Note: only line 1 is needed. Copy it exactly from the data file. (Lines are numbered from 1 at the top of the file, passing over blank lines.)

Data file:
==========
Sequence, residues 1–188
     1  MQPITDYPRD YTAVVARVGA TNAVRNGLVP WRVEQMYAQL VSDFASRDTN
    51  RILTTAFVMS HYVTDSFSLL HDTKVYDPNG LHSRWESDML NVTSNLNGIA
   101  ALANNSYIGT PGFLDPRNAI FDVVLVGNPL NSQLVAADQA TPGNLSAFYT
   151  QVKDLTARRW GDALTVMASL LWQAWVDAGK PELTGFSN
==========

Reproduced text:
Sequence, residues 1–188